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He gave blood every week for 60 years and saved the lives of 2.4 million babies




James Harrison, known as the "man with the golden arm," has donated blood almost every week for 60 years.

By Doug Criss, CNN

Most people get a golden one when they retire Clock. James Harrison earns so much more than that.

Harrison, known as the "Man with the Golden Arm," has been giving blood almost every week for 60 years. After all these donations, the 81-year-old Australian retired on Friday. The event marked the end of a monumental chapter.

According to the Australian Red Cross Blood Service, it has helped save more than 2.4 million Australian babies' lives.

First, a note about antibodies

Harrison's blood has unique, disease-fighting antibodies that were used to develop an injection called Anti-D, which helps fight Rhesus disease.

In this disease, the blood of a pregnant woman begins to attack the blood cells of her unborn child. In the worst case, it can lead to brain damage or death for the babies.

Here's the reason:

The condition develops when a pregnant woman has rhesus-negative blood (RhD-negative) and the baby in her womb has Rhesus-positive blood (RhD positive), inherited from the father

When the mother has been sensitized to rhesus-positive blood, usually during a previous pregnancy with a rhesus-positive baby, she may produce antibodies that destroy the baby's "foreign" blood cells. That could be deadly to the baby.

How Harrison Made a Difference

Harrison's remarkable gift of giving began when he had a major breast operation at the age of 14, said the Australian Red Cross Blood Service.

Blood donations He saved his life and committed himself to become a blood donor.

A few years later, doctors discovered that his blood contained the antibody that could be used to make anti-D injections. So he switched to blood plasma donations as many people as possible.

The doctors are not sure why Harrison has this rare blood type, but they think she may be from the transfusions he received at the age of 14 after his surgery. He is one of no more than 50 people in Australia who are known to have the antibodies, says the Blood Service.

"Every blood bag is precious, but James's blood is particularly extraordinary, and his blood is actually used to make a life-saving drug given to mothers whose blood is in danger of attacking their unborn babies Anti-D, which was ever made in Australia, comes from James' blood, "said Falkenmire. "And more than 17% of women in Australia are at risk, so James has helped save many lives."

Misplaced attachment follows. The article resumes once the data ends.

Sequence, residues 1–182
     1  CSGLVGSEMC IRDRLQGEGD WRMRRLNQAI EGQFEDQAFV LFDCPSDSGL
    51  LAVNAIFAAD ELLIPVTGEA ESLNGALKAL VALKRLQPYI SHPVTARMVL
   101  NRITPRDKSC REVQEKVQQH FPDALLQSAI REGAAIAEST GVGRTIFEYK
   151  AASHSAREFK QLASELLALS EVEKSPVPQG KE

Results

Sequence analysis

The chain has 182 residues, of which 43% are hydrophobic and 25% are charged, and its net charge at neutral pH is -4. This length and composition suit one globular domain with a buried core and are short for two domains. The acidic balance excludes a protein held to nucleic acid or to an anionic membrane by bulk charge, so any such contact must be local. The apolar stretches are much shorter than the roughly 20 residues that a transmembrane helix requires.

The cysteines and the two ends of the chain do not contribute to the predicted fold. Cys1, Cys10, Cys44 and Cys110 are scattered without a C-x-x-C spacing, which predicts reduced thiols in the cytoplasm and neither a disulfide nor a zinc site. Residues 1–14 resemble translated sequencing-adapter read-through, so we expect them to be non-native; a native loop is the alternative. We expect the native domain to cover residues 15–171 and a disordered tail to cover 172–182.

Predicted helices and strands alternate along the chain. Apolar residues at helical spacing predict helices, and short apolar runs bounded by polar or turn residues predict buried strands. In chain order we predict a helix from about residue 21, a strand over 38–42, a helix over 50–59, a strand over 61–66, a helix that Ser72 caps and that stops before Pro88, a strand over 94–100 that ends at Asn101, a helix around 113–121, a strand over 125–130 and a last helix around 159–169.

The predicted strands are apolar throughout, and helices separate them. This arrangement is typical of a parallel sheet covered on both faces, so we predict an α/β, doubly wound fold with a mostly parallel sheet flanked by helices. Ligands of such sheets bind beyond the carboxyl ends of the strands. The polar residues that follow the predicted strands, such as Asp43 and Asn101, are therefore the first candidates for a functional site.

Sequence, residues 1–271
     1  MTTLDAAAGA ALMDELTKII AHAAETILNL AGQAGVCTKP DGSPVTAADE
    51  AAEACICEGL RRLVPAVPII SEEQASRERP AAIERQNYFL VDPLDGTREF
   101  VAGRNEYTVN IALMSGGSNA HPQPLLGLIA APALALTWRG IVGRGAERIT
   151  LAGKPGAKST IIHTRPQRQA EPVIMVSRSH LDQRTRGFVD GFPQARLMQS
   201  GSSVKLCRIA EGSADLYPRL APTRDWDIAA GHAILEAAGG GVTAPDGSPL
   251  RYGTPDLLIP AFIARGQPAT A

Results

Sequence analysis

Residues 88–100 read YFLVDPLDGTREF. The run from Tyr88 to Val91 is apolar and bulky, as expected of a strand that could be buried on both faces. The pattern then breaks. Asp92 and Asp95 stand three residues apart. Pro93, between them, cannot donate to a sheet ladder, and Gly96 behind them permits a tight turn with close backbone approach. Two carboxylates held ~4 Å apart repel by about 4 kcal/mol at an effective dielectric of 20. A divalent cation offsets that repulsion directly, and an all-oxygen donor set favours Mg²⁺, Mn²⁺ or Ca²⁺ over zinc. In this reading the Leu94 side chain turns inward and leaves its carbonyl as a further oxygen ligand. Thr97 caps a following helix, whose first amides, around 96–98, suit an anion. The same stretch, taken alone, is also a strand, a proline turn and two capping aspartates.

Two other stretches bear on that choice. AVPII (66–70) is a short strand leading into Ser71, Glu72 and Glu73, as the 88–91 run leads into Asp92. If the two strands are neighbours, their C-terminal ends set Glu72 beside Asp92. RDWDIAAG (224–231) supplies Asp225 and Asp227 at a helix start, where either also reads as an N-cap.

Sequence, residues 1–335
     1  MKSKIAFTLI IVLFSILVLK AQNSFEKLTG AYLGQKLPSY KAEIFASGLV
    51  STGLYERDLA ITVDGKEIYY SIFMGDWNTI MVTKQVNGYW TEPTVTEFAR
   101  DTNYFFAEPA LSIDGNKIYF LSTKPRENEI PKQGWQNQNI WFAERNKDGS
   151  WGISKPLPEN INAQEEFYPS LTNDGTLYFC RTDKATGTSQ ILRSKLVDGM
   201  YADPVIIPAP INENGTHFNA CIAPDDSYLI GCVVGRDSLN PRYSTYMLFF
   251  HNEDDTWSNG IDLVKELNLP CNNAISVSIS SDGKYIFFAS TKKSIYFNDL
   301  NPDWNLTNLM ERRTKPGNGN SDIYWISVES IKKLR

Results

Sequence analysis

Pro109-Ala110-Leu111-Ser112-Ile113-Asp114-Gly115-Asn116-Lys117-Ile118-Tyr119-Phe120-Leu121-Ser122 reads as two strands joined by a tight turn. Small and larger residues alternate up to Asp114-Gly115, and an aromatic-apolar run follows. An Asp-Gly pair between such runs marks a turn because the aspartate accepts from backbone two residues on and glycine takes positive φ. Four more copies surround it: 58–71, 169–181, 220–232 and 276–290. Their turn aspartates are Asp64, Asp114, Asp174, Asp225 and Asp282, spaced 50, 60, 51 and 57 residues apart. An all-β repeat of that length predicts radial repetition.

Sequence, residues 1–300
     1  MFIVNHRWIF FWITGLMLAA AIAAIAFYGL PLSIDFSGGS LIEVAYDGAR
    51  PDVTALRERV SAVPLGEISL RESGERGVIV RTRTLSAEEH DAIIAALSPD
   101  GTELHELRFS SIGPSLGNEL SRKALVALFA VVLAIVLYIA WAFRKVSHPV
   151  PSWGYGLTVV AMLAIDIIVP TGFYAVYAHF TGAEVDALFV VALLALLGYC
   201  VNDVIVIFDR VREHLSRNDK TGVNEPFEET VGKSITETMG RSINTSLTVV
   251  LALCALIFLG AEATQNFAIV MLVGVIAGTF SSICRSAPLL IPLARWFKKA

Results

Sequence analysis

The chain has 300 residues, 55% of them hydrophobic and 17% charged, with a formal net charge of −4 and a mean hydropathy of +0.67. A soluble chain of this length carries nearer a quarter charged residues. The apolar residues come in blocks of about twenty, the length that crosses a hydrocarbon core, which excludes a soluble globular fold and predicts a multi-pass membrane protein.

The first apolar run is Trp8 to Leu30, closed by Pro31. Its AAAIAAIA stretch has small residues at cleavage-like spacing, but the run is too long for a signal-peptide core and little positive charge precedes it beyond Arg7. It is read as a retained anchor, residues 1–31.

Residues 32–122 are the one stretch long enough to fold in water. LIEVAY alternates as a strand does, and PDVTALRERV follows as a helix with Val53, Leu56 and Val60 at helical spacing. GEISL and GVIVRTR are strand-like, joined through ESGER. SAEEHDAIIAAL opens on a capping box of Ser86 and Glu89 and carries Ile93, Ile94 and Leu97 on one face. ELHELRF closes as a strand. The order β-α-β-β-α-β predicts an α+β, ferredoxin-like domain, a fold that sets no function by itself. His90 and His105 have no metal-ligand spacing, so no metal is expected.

Why his donations represented a turning point

Anti-D, produced with Harrison's antibodies, prevents women with rhesus-negative blood from developing RhD antibodies during pregnancy. More than three million anti-D drugs have been given to Australian mothers with negative blood groups since 1967.

Even Harrison's own daughter received the anti-D vaccine.

"That caused my second grandson to be born healthy," said Harrison. "And that makes you feel good about yourself saving your life there, and you saved much more, and that's great.

The discovery of Harrison's antibodies was an absolute game changer, Australian officials said.

" In Australia Literally thousands of babies died each year until about 1967, doctors did not know why, and it was terrible. Women had numerous miscarriages and babies were born with brain damage, "said Jemma Falkenmire of the Red Cross's Australian Blood Donor Service to CNN in 2015." Australia was one of the first countries where a blood donor was discovered using this antibody was quite revolutionary at the time.

Why He's a National Hero

That would be more than two million lives according to the Blood Service, and Harrison is considered a national hero in Australia, and has received numerous awards for his generosity, including the Medal of the Order of Australia,

"It gets pretty humiliating when they say, 'Oh, you did that, or you did it, or you're a hero,' said Harrison, 'I can do something. It's one of my talents, probably my only talent, that I can be a blood donor.

Now that Harrison has given his last blood donation (Australia can not donate blood for more than 81 years), Falkenmire and others hope that people with similar antibodies will ascend and donate in their blood.

What we can do is hope there will be people generous enough to make us selfless, "she said.


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